In Chris Schwarz Blog, Handplane Techniques, Handplanes, Required Reading

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After being in and out of print during the last several years, David Finck’s “Making & Mastering Wood Planes” is finally available for sale again directly from the author.

This 192-page, full-color book isn’t just for the person who wants to build handplanes based on the designs of James Krenov. I read this book when it first came out and was impressed by how much Finck focused on the mechanics of the tools , things that apply to planes no matter what materials they are made of.

Reading this book will help you understand what makes a plane work well. And building one of the planes in this book (using Finck’s clear instructions) is a superb lesson in understanding handplanes. The simple act of making a plane will unlock tricks and secrets of the manufactured tools.

More than half the book is focused on using planes in your work: How to hold your stock. How to use the planes to dimension and surface wood. How to use jigs and aids to make your work more accurate. This section also applies to all plane users. Planes used for smoothing a carcase side work essentially the same , no matter if they are made of steel, bronze or wood.

When this book was in print, it was the primary book I recommended for people who actually wanted to use planes in their work. I had to stop recommending it when it fell out of print and became expensive on the used market. But now I can restate my affection for this title: If you like to use planes , and not just look at pretty pictures of them , this is a must-have book for your library.

Read more about the book (and buy it for $24.95) at David Finck’s web site.

– Christopher Schwarz

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Showing 4 comments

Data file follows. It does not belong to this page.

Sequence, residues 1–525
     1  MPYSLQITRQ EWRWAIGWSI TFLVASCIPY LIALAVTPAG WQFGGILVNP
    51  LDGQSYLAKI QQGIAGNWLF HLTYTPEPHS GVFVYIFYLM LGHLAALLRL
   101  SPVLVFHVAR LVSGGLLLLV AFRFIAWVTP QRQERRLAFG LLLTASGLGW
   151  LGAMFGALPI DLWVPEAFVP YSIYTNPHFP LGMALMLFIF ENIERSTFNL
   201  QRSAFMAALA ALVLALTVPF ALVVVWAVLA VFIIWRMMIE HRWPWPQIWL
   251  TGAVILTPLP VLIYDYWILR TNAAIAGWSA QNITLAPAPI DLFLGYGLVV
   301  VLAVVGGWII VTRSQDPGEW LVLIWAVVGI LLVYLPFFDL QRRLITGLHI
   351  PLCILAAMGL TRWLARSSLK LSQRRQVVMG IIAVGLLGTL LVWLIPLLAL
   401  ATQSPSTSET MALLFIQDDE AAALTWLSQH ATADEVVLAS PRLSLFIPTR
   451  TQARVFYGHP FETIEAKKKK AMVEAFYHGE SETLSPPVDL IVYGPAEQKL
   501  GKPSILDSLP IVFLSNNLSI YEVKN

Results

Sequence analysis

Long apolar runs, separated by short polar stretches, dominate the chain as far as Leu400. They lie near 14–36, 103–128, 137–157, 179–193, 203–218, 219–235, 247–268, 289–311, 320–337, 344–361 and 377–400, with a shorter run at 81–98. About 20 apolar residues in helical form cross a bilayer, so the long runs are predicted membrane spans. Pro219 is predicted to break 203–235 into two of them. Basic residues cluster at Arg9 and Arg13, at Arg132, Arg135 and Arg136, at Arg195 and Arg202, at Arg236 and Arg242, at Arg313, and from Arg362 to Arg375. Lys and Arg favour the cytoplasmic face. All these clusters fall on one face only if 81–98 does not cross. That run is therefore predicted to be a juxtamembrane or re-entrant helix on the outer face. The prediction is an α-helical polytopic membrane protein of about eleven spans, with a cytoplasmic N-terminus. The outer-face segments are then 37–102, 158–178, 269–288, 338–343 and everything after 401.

• Ron Boe

    I keep telling myself: Just stop reading these blogs! They cost you money!

    At least it isn’t a custom plane…… :^)

    Hope he has a chapter on hammer proofing a plane.

  • Swanz

    one of the best all around books on wood working hand tool use. I bought the original black and white version.The newer colored photo version is well worth it.

  • Patrick Secord

    I too have found Mr. Finck’s book a great read, and an even better instructional manual on the making and putting to use that which you made. I must have gotten one of the few of the last breed about 3 years back.
    I only wish some of the other great authors would (re)consider re-printing some of their gems as even the gently used and abused have become exorbitant on the used book market….(Mr Dunbar, if you’re out there, how about it? I would love to get a copy of "Make a Windsor Chair")

  • Casey Gooding

    I love this book. I bought it and have made multiple planes using the ideas in it. I agree that it’s really good at teaching how to use what you make.
    My only beef with it is the way building the plane is mixed with using tools. Five pages on building a plane, three pages of using other tools, one page of plane building, two pages of other tools. Kinda gave me vertigo after a while.
    Otherwise…it’s one of my favorites.


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